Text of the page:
Memoirs, a load of tender male buttons

'Memoirs are rarely about the person remembered; almost always about the writer's sainted sensibility'
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Today is something of a personal red-letter day. An idea that became a story that became a novel, occupying a central part in my emotional and professional life for three years or so, finally and formally slips away from me and into the market, and the private becomes public. It is always a mistake to dwell too much on how tough a book was to write - it is like giving a present with the price-tag attached - but publication day, which for the author is both winning-post and starting-line, can be a peculiarly anxious moment.

Today is something of a personal red-letter day. An idea that became a story that became a novel, occupying a central part in my emotional and professional life for three years or so, finally and formally slips away from me and into the market, and the private becomes public. It is always a mistake to dwell too much on how tough a book was to write - it is like giving a present with the price-tag attached - but publication day, which for the author is both winning-post and starting-line, can be a peculiarly anxious moment.

In this unusually raw state, one views with particular interest the antics of fellow writers as they market the products of their experience and imagination; and, as it happens, the past week has offered up two fine examples of authorial ego.

The eminent poet and academic Craig Raine has, you may have read, published a book-length poem entitled, a touch recklessly, A la recherche du temps perdu. Written in the modish form of an intimate personal memoir, the poem tells the story of the poet's affair with a woman called Kitty Mrosovsky - an affair that started when they were in their twenties and continued after Raine had married his present wife. Mrosovsky died of Aids in 1995, and for four years her former lover tried to work out how best to memorialise their love in verse. Then, "One day it opens up like a file on a laptop. Suddenly I know how to do it."

How it was done was with proud, under-the-sheets intimacy. Mrosovsky's vagina was "The most beautiful I've ever seen. The most beautiful that's ever been." Her nipples were "long glowing... shabby with hairs". After they split up, she was in the habit of picking up men on the Tube, "The odd white prole,/ but black boys on the whole."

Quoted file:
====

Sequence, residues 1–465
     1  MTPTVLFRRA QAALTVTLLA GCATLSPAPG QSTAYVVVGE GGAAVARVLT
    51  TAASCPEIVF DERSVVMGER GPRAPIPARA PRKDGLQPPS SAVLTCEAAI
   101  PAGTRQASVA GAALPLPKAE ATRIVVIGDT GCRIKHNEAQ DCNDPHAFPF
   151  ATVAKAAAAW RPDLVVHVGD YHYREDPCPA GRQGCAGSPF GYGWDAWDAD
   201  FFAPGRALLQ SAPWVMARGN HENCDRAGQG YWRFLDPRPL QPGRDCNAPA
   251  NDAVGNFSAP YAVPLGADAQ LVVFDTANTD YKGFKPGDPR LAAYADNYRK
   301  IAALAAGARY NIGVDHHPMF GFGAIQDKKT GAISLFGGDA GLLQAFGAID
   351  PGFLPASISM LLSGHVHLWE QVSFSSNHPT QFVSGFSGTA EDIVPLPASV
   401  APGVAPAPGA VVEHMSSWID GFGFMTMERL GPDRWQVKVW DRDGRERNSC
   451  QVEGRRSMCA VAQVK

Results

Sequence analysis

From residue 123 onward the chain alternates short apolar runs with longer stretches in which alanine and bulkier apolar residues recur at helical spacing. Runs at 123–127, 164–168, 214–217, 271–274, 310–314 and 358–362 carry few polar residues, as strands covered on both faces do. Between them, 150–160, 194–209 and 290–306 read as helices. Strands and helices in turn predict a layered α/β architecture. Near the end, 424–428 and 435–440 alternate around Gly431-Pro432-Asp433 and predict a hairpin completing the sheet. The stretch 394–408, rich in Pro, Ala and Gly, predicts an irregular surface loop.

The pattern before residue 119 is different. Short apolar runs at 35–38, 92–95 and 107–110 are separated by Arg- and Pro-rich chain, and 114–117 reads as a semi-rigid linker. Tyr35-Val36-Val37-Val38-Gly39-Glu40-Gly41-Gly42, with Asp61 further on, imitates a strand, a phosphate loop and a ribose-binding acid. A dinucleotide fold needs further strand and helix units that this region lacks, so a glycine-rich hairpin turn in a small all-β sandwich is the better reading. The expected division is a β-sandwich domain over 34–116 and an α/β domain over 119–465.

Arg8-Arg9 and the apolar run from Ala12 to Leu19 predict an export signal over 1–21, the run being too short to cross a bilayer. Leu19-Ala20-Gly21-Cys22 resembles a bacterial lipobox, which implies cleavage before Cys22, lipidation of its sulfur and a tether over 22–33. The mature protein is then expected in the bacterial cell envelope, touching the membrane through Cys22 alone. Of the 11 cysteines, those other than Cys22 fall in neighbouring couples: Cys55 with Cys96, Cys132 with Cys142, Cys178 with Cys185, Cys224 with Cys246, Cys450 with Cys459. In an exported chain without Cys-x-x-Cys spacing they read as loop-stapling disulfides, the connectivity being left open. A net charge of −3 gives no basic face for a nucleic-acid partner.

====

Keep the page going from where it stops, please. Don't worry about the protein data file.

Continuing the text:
I learnt all that not from the book - between you and me, I'm not tempted - but from an article in the London Evening Standard. Oddly, given the nature of the book, Raine agreed to submit to a single interview, conducted by an admiring former pupil, Andrew Billen. It emerged that Mrosovsky's friends had disputed the version of her presented in the poem, and her family hated it. Asked why he published, the poet replied, "Gosh, if you're a writer, I suppose you feel a sort of responsibility, actually, that this person should be commemorated, should be remembered."

It is a familiar, noble-sounding sentiment, last used by Martin Amis, in the context of his murdered cousin Lucy Partington, and it is, of course, complete and utter bollocks. Such memoirs are rarely, if ever, about the person remembered; they are almost always about the writer - his feelings, his grief, the effect on his sainted writerly sensibility. Now that the subject is no longer here to speak for herself, he can step forward and present her life, her personality, even her private parts, from his own filtering, editing, self-serving perspective.

Coincidentally, the unedifying connection between marketing and ego also emerged this week in an article in The Spectator by a very different author, Tony Parsons, who was explaining why his novel Man and Boy was so popular with women. In a piece of such transparent boastfulness that one can only shudder with embarrassment on his behalf - "It is genuinely humbling. Every day I open my mail and think: you like me, you really like me" - Parsons reveals that his central female character is based on a real woman. It is not Julie Burchill, to whom he was once married, but "a very sympathetic woman".

In fact, once he had completed an early draft, he worked with his agent and editor, an all-male team, to ensure that the "the novel keeps women on its side" by making its female characters suitably sensitive and appealing. The Parsons view is that, as a novelist, you can have a "respectable little literary career", but to be popular it is essential that your book "pushes those tender female buttons".

Suddenly I'm worried. My book was not a team event. I'm not sure I either pushed those tender female buttons, like Tony, or exposed them, like Craig. It is a rough, tough place out there in the big boys' playground. Wish me luck.

The writer's novel 'Kill Your Darlings' is published today by Weidenfeld & Nicolson

Miles Kington is on holiday

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